RESULTS - In all, 670 individuals were included (median age 7 months; 44% girls). CYP2C19 NMs ( = 267; 40%) had a higher infection rate than RM/UMs ( = 220; 33%; median 2 vs 1 infections per person per year; = .03). There was no difference between poor or intermediate ( = 183; 27%) and NMs. In multivariable analysis of NMs and RM/UMs adjusting for age, sex, PPI dose, and comorbidities, CYP2C19 metabolizer status remained a significant risk factor for infection events (odds ratio 0.70 [95% confidence interval 0.50-0.97] for RM/UMs versus NMs).
CONCLUSIONS - PPI therapy is associated with higher infection rates in children with normal CYP2C19 function than in those with increased CYP2C19 function, highlighting this adverse effect of PPI therapy and the relevance of genotypes to PPI therapeutic decision-making.
Copyright © 2019 by the American Academy of Pediatrics.
BACKGROUND - Abiraterone and enzalutamide are recently-approved androgen deprivation therapies (ADTs) for metastatic prostate cancer, with unknown cardiac safety profiles. Abiraterone has a propensity to hypermineralocorticism on top of androgen deprivation, so might carry an additional risk for atrial tachyarrhythmia (AT) and heart failure (HF) compared with other ADTs.
AIM - To determine if abiraterone was associated with an increased proportion of AT and HF reports among all suspected adverse drug reactions (ADRs) reported in several pharmacovigilance databases compared with enzalutamide, other ADTs and all other drugs.
METHODS - In this observational retrospective pharmacovigilance study, we performed a disproportionality analysis of reports of suspected ADRs in men in the French pharmacovigilance database, the European pharmacovigilance database and the international pharmacovigilance database VigiBase, to evaluate the reporting odds ratios (RORs) of AT and HF for abiraterone compared with enzalutamide, other ADTs and all other drugs.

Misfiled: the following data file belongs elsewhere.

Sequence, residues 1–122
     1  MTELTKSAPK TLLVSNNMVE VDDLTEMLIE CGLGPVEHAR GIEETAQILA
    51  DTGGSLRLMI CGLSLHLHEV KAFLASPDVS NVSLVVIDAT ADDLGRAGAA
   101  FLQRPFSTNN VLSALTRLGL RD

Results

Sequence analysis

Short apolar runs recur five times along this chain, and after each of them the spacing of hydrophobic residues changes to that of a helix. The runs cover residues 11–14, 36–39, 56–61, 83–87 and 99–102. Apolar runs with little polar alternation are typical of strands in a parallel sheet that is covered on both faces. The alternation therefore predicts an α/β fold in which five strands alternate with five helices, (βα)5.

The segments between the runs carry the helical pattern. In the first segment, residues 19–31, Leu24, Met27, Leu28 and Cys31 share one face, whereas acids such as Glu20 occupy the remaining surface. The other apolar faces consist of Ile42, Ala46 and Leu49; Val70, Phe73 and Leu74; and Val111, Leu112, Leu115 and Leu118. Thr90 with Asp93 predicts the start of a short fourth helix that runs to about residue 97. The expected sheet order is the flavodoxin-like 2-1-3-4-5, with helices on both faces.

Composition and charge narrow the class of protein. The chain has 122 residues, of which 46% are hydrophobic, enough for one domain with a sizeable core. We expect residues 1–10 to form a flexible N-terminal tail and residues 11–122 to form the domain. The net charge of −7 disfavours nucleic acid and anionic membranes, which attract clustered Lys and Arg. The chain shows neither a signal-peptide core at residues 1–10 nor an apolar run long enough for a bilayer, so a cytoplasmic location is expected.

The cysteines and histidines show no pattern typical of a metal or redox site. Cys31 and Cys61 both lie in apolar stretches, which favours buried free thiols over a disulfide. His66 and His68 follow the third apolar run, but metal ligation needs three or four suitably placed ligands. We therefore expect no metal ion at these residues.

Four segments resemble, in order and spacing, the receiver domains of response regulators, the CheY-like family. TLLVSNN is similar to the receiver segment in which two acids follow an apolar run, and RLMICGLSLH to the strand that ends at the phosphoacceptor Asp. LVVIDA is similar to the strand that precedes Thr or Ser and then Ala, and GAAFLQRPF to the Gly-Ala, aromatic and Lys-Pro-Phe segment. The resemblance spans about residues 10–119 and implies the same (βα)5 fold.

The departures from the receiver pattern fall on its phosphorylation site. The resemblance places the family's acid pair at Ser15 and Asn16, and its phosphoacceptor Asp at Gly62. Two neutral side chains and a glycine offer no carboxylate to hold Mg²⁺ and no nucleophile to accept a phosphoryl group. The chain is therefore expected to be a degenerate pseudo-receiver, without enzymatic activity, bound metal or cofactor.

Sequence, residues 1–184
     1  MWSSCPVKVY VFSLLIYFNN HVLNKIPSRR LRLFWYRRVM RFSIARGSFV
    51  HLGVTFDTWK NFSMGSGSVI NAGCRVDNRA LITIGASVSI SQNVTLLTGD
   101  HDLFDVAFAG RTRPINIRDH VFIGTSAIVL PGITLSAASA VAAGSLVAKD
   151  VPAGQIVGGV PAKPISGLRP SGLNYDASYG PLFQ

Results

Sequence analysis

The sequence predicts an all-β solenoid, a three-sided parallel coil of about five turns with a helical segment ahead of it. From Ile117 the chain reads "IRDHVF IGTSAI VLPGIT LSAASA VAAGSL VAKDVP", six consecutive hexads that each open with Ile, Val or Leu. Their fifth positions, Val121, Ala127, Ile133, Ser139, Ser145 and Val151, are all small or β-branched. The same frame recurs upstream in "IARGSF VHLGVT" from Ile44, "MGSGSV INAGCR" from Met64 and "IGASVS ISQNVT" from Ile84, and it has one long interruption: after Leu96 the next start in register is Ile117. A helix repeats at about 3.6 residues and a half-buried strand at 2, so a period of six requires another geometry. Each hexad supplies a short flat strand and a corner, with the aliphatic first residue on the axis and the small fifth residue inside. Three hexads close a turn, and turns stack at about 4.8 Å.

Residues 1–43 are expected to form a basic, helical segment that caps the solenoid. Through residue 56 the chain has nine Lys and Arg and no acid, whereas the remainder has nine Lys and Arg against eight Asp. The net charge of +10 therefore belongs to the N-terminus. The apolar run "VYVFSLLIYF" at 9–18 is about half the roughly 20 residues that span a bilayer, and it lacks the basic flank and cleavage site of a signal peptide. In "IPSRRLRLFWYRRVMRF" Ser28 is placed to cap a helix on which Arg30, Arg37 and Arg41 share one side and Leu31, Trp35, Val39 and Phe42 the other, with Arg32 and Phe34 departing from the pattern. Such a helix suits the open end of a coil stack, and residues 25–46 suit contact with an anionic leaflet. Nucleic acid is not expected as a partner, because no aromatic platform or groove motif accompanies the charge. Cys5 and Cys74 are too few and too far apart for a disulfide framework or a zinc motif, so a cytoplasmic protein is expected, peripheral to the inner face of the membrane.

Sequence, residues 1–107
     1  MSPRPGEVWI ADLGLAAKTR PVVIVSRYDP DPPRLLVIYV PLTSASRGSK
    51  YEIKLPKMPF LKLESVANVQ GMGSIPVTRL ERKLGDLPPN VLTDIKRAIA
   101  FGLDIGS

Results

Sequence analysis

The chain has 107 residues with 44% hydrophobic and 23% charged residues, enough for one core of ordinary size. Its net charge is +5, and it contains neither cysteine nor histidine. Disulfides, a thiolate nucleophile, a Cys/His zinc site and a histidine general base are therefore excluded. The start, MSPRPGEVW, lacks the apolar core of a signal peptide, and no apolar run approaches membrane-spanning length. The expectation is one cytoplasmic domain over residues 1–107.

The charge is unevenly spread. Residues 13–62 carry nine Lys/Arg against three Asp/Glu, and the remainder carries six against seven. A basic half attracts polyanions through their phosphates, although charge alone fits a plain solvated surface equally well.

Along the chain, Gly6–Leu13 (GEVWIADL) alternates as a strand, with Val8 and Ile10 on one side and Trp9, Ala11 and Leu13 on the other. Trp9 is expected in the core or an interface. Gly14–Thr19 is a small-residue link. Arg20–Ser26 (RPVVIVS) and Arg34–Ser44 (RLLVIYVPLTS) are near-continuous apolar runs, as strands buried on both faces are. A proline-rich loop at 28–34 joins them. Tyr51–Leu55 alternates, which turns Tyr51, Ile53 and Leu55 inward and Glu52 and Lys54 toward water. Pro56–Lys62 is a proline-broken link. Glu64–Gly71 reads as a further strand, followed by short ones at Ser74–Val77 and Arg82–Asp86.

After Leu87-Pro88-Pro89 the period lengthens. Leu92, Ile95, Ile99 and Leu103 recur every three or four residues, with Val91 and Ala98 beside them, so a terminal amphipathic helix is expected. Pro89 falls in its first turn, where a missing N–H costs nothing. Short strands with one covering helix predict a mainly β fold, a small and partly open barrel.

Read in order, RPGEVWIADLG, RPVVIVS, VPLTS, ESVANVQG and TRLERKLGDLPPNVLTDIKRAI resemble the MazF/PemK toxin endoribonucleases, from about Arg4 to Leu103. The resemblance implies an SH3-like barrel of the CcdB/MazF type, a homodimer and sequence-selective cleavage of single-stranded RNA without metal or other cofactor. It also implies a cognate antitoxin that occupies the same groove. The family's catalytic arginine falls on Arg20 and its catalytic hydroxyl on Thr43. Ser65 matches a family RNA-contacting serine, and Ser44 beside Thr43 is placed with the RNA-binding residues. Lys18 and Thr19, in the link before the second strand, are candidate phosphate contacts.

RESULTS - In the 5,759,781 ADR reports in men in VigiBase, 55,070 pertained to ADTs. The RORs for AT for abiraterone versus enzalutamide, other ADTs and all other drugs were 4.1 (95% confidence interval 3.1-5.3), 3.7 (3-4.5) and 3.2 (2.7-3.7), respectively (P<0.0001 for all). The corresponding RORs for HF were 2.5 (2-3), 1.5 (1.3-1.7) and 2 (1.7-2.3), respectively (P<0.0001 for all). These results were concordant with the French and European pharmacovigilance databases. Mean times to AT and HF onset were shorter with abiraterone (5.2±0.8 and 4.5±0.6 months, respectively) versus other ADTs (13.3±3.2 and 9.2±1.1 months, respectively) (both P<0.05). Cases on abiraterone versus other ADTs were more frequently associated with at least two ADR terms, including AT, HF, hypokalaemia, hypertension and oedema (13.6% vs 6%; P<0.0001). For abiraterone, age, but not dose, was associated with reporting of AT and HF versus any other ADR.
CONCLUSIONS - Compared with other ADTs, abiraterone was associated with higher reporting of AT and HF, associated with hypokalaemia, hypertension and oedema. These findings are consistent with the hypermineralocorticism induced by abiraterone, but not by other ADTs.
Copyright © 2019 Elsevier Masson SAS. All rights reserved.
BACKGROUND - Ibrutinib has revolutionized treatment for several B-cell malignancies. However, a recent clinical trial where ibrutinib was used in a front-line setting showed increased mortality during treatment compared with conventional chemotherapy. Cardiovascular toxicities were suspected as the culprit but not directly assessed in the study.
OBJECTIVES - The purpose of this study was to identify and characterize cardiovascular adverse drug reactions (CV-ADR) associated with ibrutinib.
METHODS - This study utilized VigiBase (International pharmacovigilance database) and performed a disproportionality analysis using reporting odds ratios (ROR) and information component (IC) to determine whether CV-ADR and CV-ADR deaths were associated with ibrutinib. IC compares observed and expected values to find associations between drugs and adverse drug reactions using disproportionate Bayesian-reporting; IC (lower end of the IC 95% credibility interval) >0 is significant.